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McCrae v. Eastern Aircraft

New Jersey Supreme Court


Decided: June 4, 1948.

EDITH MCCRAE, PETITIONER-DEFENDANT,
v.
EASTERN AIRCRAFT, TRENTON DIVISION, GENERAL MOTORS CORP., RESPONDENT-PROSECUTOR

On writ of certiorari.

For the petitioner-defendant, George Pellettieri.

For the respondent-prosecutor, Kalisch & Kalisch.

Before Case, Chief Justice, and Justice Burling.

Burling

[137 NJL Page 245]

The opinion of the court was delivered by

BURLING, J. This is a review on certiorari of a judgment of the Mercer County Court of Common Pleas affirming the judgment of the Workmen's Compensation Bureau, which judgment awarded compensation to petitioner-defendant (hereinafter called petitioner).

The two lower tribunals have found that the injury in question arose out of and in the course of petitioner's employment and petitioner is entitled to compensation. Whether they are in conflict or accord, it is our duty under the statute (R.S. 2:81-8 and 34:15-66) to determine the law and facts independently of the finding thereon by the lower courts.

Accordingly we proceed to our duty to evaluate the testimony and determine the facts.

Petitioner was employed by respondent (hereinafter called employer) at its plant just outside of Trenton. On the day in question she came to work in the automobile of a fellow employee which automobile was then parked in a parking lot belonging to the employer. This parking lot was located across a highway from the plant in which petitioner was working.

At the close of her work petitioner left the plant and started for the parking lot to enter the automobile in which she came to work. As she was crossing the highway she was bumped into and thrown down by a fellow employee who was running across the highway and going to the same place. It was this fall which produced the injury in question, which injury was later aggravated by a fall on an icy pavement. If the injury is compensable at all, the employer concedes that it is liable for the effects of the second fall as well as the first.

Employer's plant is located on two sides of a public highway. Adjacent to this plant on each side of the highway are parking yards constructed and maintained by the employer for the use of its employees. The employer provides a traffic officer whose duties are to direct traffic of motor vehicles and to provide for the safe crossing of its employees. This officer was stationed in the center of the public highway between the two gates, and was on duty at the time of the accident.

[137 NJL Page 246]

The employer contends that this officer was placed there by it as a mere courtesy and that this accident happened not out of the employment but apart from it, with the necessary deduction that no compensation should be allowed.

We are of the opinion that the accident did arise out of petitioner's employment and that compensation should be allowed. The general rule is that injuries sustained by employees when going to or returning from their regular place of work are not deemed to arise out of and in the course of their employment. Ordinarily the hazards they encounter in such journeys are not incident to the employer's business, but this general rule is subject to exceptions which depend upon the nature and circumstances of the particular employment.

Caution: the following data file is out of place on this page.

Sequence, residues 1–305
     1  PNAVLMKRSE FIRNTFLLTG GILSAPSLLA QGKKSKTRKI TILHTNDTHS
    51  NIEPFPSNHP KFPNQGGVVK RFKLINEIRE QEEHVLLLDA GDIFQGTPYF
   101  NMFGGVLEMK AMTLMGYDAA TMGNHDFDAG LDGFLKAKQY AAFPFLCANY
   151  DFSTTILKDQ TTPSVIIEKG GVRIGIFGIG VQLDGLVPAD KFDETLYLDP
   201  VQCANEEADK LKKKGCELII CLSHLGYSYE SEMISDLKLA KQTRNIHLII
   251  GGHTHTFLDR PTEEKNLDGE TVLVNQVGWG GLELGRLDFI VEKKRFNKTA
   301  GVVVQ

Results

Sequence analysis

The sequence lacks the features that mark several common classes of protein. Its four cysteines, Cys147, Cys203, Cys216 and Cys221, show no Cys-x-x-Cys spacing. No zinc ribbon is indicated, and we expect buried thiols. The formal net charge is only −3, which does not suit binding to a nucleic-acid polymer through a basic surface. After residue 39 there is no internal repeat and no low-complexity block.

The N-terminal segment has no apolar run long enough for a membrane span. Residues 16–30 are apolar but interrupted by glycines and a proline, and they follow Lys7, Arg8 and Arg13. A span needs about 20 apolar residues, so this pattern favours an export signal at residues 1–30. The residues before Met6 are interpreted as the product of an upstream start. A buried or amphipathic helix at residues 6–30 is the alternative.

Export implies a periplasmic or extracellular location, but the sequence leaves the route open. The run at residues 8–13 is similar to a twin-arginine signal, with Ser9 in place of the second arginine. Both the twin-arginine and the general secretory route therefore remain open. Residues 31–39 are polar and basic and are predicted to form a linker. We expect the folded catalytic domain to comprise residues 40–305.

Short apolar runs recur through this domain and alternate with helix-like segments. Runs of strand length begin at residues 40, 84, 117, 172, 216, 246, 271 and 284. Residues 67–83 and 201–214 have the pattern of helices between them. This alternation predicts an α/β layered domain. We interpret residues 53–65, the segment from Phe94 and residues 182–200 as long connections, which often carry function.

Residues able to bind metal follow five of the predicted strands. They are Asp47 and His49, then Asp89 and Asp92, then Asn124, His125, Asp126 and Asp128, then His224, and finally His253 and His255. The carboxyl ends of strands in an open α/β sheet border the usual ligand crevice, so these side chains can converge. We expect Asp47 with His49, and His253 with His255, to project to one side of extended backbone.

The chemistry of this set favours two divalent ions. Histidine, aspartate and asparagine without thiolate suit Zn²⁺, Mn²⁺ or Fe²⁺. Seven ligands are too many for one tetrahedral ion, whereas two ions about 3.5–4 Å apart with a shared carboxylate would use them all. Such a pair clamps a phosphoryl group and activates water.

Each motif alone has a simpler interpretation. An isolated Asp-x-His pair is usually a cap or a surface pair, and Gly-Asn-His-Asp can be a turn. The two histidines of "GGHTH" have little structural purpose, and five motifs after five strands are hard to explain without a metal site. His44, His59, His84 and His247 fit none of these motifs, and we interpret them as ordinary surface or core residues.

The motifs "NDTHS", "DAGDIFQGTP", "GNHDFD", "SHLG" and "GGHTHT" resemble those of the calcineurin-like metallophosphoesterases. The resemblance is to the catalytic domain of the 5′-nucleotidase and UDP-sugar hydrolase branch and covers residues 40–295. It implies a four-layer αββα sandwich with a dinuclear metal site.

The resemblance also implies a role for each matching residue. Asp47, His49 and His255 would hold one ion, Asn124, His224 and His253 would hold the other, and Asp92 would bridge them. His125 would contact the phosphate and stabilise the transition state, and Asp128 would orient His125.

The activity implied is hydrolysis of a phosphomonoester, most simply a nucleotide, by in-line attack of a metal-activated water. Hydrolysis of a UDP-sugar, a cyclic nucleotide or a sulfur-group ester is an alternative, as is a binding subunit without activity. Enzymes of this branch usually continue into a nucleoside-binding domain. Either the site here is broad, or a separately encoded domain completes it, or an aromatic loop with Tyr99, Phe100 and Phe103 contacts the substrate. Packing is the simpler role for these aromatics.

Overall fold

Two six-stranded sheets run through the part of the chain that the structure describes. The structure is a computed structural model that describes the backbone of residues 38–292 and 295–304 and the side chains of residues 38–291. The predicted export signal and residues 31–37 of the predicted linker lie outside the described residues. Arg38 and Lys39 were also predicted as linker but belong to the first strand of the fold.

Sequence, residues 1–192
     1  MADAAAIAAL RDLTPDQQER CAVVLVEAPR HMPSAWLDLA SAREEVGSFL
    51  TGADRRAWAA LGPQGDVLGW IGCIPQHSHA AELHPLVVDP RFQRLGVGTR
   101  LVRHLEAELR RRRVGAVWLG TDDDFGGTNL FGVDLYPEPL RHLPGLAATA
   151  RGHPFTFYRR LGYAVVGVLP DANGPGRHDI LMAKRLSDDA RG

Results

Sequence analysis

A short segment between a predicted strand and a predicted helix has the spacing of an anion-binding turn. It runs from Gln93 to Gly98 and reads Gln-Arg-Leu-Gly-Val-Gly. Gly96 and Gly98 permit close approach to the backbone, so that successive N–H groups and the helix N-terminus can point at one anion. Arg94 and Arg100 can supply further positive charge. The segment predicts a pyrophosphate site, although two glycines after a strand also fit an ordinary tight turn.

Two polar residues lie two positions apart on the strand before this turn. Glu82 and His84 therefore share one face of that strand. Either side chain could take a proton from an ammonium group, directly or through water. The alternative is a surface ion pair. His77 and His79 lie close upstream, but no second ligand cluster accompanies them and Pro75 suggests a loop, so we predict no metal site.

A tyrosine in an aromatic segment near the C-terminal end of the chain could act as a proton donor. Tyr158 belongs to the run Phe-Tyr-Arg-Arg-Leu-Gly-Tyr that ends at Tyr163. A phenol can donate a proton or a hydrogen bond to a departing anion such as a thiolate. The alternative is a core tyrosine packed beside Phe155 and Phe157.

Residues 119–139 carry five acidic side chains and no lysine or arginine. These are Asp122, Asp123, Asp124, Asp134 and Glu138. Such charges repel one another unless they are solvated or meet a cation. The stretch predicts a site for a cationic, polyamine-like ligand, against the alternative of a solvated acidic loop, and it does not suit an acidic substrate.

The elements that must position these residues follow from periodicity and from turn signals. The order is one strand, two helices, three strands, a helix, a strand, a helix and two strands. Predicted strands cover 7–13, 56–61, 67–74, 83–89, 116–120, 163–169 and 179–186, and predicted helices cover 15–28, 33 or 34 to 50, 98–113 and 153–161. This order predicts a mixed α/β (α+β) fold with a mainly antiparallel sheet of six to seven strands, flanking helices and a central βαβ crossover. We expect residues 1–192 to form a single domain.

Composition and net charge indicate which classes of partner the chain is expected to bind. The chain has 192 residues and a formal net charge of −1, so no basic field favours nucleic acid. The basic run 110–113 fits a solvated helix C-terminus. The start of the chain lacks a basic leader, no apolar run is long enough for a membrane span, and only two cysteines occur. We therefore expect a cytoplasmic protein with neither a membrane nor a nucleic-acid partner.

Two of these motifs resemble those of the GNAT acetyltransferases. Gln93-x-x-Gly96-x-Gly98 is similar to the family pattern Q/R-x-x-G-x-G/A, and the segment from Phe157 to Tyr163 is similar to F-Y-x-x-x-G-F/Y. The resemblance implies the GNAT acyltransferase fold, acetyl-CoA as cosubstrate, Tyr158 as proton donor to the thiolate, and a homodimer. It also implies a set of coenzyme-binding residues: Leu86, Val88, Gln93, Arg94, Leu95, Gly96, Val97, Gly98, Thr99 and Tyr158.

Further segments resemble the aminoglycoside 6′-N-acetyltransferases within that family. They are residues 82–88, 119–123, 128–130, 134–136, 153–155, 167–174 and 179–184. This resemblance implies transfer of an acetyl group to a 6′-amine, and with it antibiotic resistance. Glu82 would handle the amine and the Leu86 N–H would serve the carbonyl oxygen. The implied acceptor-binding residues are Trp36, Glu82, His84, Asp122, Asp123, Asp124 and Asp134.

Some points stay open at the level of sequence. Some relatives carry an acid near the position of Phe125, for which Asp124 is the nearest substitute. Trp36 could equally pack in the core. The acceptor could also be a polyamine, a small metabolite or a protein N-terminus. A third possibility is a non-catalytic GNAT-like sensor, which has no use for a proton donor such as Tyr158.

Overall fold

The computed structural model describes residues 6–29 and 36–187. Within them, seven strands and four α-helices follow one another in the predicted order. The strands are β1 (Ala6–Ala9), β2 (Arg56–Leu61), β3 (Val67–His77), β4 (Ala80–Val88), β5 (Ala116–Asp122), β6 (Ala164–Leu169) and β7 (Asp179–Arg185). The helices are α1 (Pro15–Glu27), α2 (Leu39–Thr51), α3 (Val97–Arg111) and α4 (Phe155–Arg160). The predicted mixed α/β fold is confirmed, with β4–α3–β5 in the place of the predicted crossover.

The employer relies on Riggs v. New York Shipbuilding Corp. (Supreme Court, 1938), 16 N.J. Mis. R. 92. In that case, the petitioner had not yet reported for duty and alighted from a bus and was struck by an automobile proceeding in the same direction as the bus from which he alighted. That case is controlled by Gullo v. American Lead Pencil Co. (Court of Errors and Appeals, 1937), 119 N.J.L. 484. However, in the Gullo case, supra, the employee fell while passing along the sidewalk in front of the premises. He argued that the act of the employer in sweeping the sidewalk clear of ice and snow was an assumption of control. In disposing of his contention the court said:

At page 487: "* * * The action of the appellant was certainly not an assumption of control of the highway or of any special right therein."

In Rubeo v. Arthur McMullen Co. (Court of Errors and Appeals, 1936), 117 N.J.L. 574 (at p. 578), it was held:

"* * * The injuries or death suffered by the employee during the transportation period may not necessarily occur under the circumstances embraced within the principles of law pronounced by the court below and yet may well be, for example, the result of a practice between the parties which is beneficial both to the employer and employee. And it is the well settled law that an accident occurring in the latter circumstance is one arising out of and in the course of the employment and hence is compensable."

[137 NJL Page 247]

The employer installed the parking lots in question for the mutual benefit of itself and its employees. Its plant is located at some distance from the center of Trenton and its interests are better served by making available the means by which employees may use their own transportation. By placing a traffic officer in the highway at the time its employees were passing across it to reach a parking lot, the employer assumed control of the highway. The placing of the officer to direct and control traffic was for a benefit to the employer and not merely a courtesy to the petitioner.

From our independent finding and examination of the facts and the law applicable thereto we find that the injury in question arose out of and in the course of the petitioner's employment and petitioner is entitled to compensation.

The judgment of the Mercer County Court of Common Pleas is affirmed, with costs.

19480604


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